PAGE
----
modularity in shaders


I have a question about modularity in writing shaders.Lets take following scenario :

We write a nice simulation game with lots of
visual effects using shaders.Then we decide to
add fog to our simulation.Obviously fog should affect all objects in the scene so we need to modify all our shaders.We have to have one set
of shaders with fog and one set without fog.
If we want to add other effects which will affect entire scene then we go to a combinatorial explosion!

So the queation is : What does GLSL provide
to solve this problem? Shall we use brute force
or is there a clever way to write extendible

Thanks in advance

You could define a function:

void FogPixel(inout vec4 colour, vec3 position)

and when you create your shaders on the fly, if you’re not doing fogging, insert a string:

void FogPixel(inout vec4 colour, vec3 position)
// do nothing, passthrough

and when you want to do fogging, insert a different string:

void FogPixel(inout vec4 colour, vec3 position)
// fog implementation

So that the fog function is behaving sort of like a virtual function / abstract interface that you can call in your materials without worrying about the implementation.

If you look in GPU gems, there’s an article about interfaces in Cg, which just formalizes the above.

Unfortunately, I’ve tried something like this before, and its really slow… compiling a one line glsl shader takes about 40ms on my machine, compiling 6 different (short) shaders took close to 1 second. I think nvidia needs to optimize their glsl compiler more…

So if you going to go with the compile-on-the-fly route, then you’ll need some method to cache your shaders, or perhaps you build them all ahead of time at level load, rather compiling them on the fly…

Also, if you do things this way, you’ll run into inefficiency problems. What if in your FogPixel() function you sometimes want to use linear fog, and sometimes radial distance fog? What if by chance you’re already calculating the radial distance in your main shader, should you have to calculate it again in your fog shader?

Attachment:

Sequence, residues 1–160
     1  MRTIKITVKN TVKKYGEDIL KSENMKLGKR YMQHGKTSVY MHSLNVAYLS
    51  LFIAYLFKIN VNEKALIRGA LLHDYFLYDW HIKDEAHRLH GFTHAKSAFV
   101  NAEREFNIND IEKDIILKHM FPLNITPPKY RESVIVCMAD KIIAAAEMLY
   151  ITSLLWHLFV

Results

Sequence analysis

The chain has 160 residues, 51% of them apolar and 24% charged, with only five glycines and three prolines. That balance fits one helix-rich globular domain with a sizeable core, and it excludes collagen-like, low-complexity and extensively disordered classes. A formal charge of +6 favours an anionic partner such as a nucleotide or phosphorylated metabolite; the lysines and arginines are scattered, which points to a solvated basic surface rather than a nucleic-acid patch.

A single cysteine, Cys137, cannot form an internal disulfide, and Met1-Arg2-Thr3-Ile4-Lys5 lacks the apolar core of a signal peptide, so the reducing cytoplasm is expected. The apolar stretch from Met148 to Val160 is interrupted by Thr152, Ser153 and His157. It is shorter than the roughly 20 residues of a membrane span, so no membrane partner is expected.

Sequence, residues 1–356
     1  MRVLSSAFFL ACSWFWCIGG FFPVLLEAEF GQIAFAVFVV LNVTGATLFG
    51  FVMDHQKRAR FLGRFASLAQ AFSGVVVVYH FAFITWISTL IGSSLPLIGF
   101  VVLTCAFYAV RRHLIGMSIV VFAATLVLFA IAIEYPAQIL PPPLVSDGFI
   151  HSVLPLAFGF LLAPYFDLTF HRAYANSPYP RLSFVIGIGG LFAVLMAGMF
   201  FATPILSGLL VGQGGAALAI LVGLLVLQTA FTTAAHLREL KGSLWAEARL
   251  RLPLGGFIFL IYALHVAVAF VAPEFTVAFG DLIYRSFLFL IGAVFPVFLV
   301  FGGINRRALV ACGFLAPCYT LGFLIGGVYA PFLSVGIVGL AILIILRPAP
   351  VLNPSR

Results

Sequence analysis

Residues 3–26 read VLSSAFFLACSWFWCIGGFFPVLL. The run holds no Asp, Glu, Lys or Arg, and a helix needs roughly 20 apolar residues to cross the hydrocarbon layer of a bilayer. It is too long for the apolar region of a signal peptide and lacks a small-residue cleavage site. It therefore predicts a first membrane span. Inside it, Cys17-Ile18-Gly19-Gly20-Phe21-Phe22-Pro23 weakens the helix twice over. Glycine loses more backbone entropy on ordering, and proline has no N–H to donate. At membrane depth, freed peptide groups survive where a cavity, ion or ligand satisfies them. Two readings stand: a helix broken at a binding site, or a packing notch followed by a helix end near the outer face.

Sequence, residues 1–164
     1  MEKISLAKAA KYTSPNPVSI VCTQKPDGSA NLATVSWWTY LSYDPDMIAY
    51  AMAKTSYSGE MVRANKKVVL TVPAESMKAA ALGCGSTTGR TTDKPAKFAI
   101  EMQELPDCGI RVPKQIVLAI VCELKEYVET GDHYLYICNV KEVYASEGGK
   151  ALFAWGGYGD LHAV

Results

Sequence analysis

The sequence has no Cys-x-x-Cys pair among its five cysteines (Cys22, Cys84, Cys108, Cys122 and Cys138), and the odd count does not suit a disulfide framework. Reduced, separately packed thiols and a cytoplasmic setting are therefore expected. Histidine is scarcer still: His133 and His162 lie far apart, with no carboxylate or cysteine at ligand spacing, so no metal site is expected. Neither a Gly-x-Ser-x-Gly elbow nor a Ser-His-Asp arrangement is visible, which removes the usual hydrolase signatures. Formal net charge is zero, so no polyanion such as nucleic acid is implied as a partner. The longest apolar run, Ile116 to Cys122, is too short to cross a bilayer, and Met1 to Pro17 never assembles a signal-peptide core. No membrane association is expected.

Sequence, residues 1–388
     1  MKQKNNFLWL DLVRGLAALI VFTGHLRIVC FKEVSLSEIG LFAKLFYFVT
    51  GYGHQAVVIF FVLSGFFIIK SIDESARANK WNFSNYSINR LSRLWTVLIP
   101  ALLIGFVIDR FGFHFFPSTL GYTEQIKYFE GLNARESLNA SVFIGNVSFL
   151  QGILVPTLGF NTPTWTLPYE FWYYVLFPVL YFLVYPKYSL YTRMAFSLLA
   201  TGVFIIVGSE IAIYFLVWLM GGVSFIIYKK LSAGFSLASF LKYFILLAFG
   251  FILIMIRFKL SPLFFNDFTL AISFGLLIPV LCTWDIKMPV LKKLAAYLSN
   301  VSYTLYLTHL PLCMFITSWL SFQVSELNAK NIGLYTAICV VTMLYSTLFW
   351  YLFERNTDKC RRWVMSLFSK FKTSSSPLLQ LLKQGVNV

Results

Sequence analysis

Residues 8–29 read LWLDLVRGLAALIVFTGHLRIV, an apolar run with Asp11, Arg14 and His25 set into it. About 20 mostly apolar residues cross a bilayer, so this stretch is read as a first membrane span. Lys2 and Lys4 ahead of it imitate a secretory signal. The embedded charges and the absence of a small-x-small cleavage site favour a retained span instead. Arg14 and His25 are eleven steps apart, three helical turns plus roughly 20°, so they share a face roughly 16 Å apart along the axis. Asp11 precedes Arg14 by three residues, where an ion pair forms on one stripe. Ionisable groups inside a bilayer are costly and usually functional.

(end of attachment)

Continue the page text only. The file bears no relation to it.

GLSL allows you to assemble shaders out of pieces. You pass it an array of char pointers, and their respective sizes. The compiler will compile the union of all of these pointers.

Thus, you can have one string fragment per function prolog (varyings, etc), one string fragment per kind of light or other color processing, and one string fragment per final fragment processing (such as fog).

Then run through your material description, and collect the right fragments for your situation, and call ShaderSource() with the thus-assembled shader. You probably want to cache the specific result of assembling specific fragments, so that you don’t have to re-assemble shaders every frame :slight_smile:

Also, it helps if you make conventions for your fragments, like “the incoming and outgoing color always lives in a variable called ‘color’”.

Sh has some cool operations that allow you to do things like this easily. For example you can put a global variable fogType in your code. Then in the shader, have code like:

switch(fogType) {
case linear:

case none:
… etc.

By simply changing the value of fogType in the code and recompiling the shaders, you can change your fog type. Since fogType is a constant as far as the program is concerned, the appropriate fog calculation will get compiled into your shader (ie no conditionals). It gives a very clean interface between c++ and shader code, which lets you avoid doing stuff like manipulating code as strings.

Although Sh is still in development, it is evolving very quickly and is well worth checking out.

(I know your question was about glsl, please forgive me)

IF you are not geometry bound go multipass, it could be Z first pass too.

Thanks for answers.

@pragma: GLSL has #ifdefs, so you can easily pre-pend a line to your shader that says #define FOGTYPE LINEAR, and then do something equivalent to the switch statement with #if.

If shader compilation time is not a problem, then using #ifdef is the best solution.